Listed churches encouraged to do small repairs to protect their buildings

St Mary Rickinghall, Diss, Suffolk. A Minor Repair grant of £7,500 enabled the replacement of missing roof tiles and leaking asbestos cement gutters, the repointing of small cracks, and the renewal of leaking rainwater gullies.(Photo: Historic England)

Hundreds of at-risk places of worship have been helped by a £1.8m support scheme run by Historic England. 

The Taylor Review Pilot, funded by the Department for Digital, Culture, Media and Sport, offered free support and advice for listed places of worship from different faith traditions, but with a particular focus on Suffolk and Greater Manchester.

The scheme was launched to test one of the conclusions of the Taylor Review, that minor repairs carried out regularly can save treasured historic churches from becoming 'at risk' and needing possibly unaffordable major works in the future.

The pilot ran for two years, coming to an end in March this year, during which time it helped 396 listed places of worship, 136 of which received financial support. 

The 2017 Taylor Review was led by Bernard Taylor and examined the sustainability of English churches and cathedrals.

Its recommendations included setting up Fabric Support Officers and Community Development Advisers to advise listed places of worship on building maintenance, applying for grants, and increasing engagement beyond their congregations.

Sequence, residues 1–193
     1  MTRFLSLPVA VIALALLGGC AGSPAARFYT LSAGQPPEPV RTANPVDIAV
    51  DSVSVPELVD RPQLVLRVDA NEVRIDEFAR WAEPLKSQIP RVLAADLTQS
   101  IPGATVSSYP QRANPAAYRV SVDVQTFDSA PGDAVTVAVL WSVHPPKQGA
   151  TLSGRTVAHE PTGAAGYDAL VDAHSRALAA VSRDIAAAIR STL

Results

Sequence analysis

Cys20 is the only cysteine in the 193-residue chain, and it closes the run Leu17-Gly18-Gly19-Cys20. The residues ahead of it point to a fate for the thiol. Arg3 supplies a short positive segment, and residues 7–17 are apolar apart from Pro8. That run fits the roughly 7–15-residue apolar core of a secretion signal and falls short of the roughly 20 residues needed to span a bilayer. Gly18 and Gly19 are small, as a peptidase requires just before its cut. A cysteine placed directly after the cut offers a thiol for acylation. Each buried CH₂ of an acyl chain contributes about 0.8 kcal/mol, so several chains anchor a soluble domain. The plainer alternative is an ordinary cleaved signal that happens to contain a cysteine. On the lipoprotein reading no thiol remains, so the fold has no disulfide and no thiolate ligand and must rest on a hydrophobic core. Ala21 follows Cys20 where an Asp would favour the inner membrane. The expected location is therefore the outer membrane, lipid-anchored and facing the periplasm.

The final report also recommended the creation of a Minor Repairs Fund to address the physical deterioration of historic buildings. The fund encouraged a 'stitch in time' approach that prioritised making regular minor repairs to prevent the need for costly major works in the future. 

Participating places of worship were helped in planning or carrying out urgent repairs or conservation work, and introducing measures to increase visitor numbers and community engagement. 

Historic England found that the pilot enabled listed places of worship to bring forward necessary maintenance and minor repair work by 2-5 years on average.

Duncan Wilson, Chief Executive of Historic England, said: "This pilot has proved how a 'stitch in time' approach really works and it has successfully helped 396 listed places of worship over the past two years.

"Addressing small repairs has increased understanding that doing even the smallest job makes a big difference to keeping these extraordinary places running.

"It's been wonderful to see local communities engaged and supporters dedicated to the care of historic places of worship." 

Heritage Minister Nigel Huddleston said: "Places of worship are vital to our local communities. I am pleased that this pilot scheme, funded by the Department for Digital, Culture, Media and Sport, has been such a success in helping so many buildings.

"By protecting these places of worship, we are bringing together communities, engaging visitors, and preserving our heritage for future generations to enjoy."